This puts a different spin on the story of Noah's Ark. Whatever your beliefs are - a true story taken literally from the Bible, or just a tall tale - I'll bet you never thought of this take on it! Very entertaining, somewhat thrilling, and a little thought prevoking; makes for a fun read inbetween other meatier works. Reviewed 2/5/14

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I have three books to review today, because I am a bad blogger and haven't been posting these as I finish them.


This is the sequel to Sleep With The Lights On, and I really enjoyed it. It picks up smoothly a few months after the end of the last book, and I just wanted to sit and read it all at once. Here is the summary from the library's website:

"Rachel de Luca's uncanny sense of perception is the key to her success as a self-help celebrity. Even before she regained her sight, she had a gift for seeing people's most carefully hidden secrets. But the secret she shares with Detective Mason Brown is one she has promised to keep. As for Mason, he sees Rachel more clearly than she'd like to admit. >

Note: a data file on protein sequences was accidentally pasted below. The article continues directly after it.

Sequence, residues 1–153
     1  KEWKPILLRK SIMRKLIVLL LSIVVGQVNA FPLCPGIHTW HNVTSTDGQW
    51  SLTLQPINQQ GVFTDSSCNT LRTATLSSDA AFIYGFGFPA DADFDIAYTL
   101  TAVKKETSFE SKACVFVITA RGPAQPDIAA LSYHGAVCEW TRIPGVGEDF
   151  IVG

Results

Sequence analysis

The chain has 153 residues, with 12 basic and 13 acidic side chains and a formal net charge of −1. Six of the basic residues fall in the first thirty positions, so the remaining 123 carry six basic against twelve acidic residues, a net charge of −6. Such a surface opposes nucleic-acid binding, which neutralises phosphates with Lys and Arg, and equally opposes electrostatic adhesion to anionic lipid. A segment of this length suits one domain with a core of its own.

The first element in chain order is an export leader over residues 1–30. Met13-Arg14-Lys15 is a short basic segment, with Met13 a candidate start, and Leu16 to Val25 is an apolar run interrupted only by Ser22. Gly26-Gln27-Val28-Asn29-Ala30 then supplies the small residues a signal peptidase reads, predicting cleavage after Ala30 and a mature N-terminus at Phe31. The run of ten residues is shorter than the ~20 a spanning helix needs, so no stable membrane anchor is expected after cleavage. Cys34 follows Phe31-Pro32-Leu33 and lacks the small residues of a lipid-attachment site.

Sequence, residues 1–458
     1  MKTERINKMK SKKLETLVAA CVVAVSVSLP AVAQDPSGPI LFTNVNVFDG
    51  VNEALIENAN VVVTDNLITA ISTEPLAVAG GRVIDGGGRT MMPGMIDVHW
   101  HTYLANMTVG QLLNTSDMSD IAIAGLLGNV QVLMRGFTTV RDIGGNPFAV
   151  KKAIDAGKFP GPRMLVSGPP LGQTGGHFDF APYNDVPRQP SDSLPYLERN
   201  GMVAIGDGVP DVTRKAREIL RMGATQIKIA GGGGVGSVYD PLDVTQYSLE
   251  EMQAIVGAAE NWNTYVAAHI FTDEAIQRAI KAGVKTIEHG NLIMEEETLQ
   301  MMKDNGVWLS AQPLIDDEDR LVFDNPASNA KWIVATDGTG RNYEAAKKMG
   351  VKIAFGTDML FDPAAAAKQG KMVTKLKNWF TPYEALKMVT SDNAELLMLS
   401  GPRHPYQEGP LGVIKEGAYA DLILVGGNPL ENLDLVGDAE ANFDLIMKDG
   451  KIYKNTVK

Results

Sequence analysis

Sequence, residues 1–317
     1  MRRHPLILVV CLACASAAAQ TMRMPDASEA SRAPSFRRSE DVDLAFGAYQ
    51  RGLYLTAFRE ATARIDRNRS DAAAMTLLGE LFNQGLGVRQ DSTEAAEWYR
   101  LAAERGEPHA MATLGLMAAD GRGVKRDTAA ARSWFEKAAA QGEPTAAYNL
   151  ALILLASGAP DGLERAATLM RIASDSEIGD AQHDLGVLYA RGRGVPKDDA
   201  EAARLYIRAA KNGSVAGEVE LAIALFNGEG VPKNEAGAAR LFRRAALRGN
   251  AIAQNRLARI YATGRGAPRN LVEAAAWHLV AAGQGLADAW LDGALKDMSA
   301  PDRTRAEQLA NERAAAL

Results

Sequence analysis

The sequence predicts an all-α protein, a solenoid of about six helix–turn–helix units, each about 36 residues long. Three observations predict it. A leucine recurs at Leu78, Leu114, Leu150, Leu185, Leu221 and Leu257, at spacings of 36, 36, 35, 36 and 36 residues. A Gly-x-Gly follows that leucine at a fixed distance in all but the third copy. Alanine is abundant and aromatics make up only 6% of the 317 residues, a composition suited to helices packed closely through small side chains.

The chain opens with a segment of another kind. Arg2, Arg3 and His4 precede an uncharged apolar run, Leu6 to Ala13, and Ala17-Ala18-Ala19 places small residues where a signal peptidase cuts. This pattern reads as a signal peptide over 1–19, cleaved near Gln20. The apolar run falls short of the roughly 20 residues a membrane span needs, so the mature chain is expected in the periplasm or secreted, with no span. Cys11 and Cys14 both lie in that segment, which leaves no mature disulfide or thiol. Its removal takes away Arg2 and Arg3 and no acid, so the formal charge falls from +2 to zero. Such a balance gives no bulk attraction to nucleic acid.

After a single night of adrenaline-fueled passion, they have agreed to keep their distance--until a string of murders brings them together again. Mason thinks that he can protect everyone he loves, including Rachel, by taking them to a winter hideaway, but danger follows them up the mountain.
As guests disappear from the snowbound resort, the race to find the murderer intensifies. Rachel knows she's a target. Will acknowledging her feelings for Mason destroy her--or save them both and stop a killer?"


I really like Maggie Shayne's style of writing; I'd like to think that if I was writing a novel, my style would be a lot like hers. I tend to write the way I talk, and so does Maggie.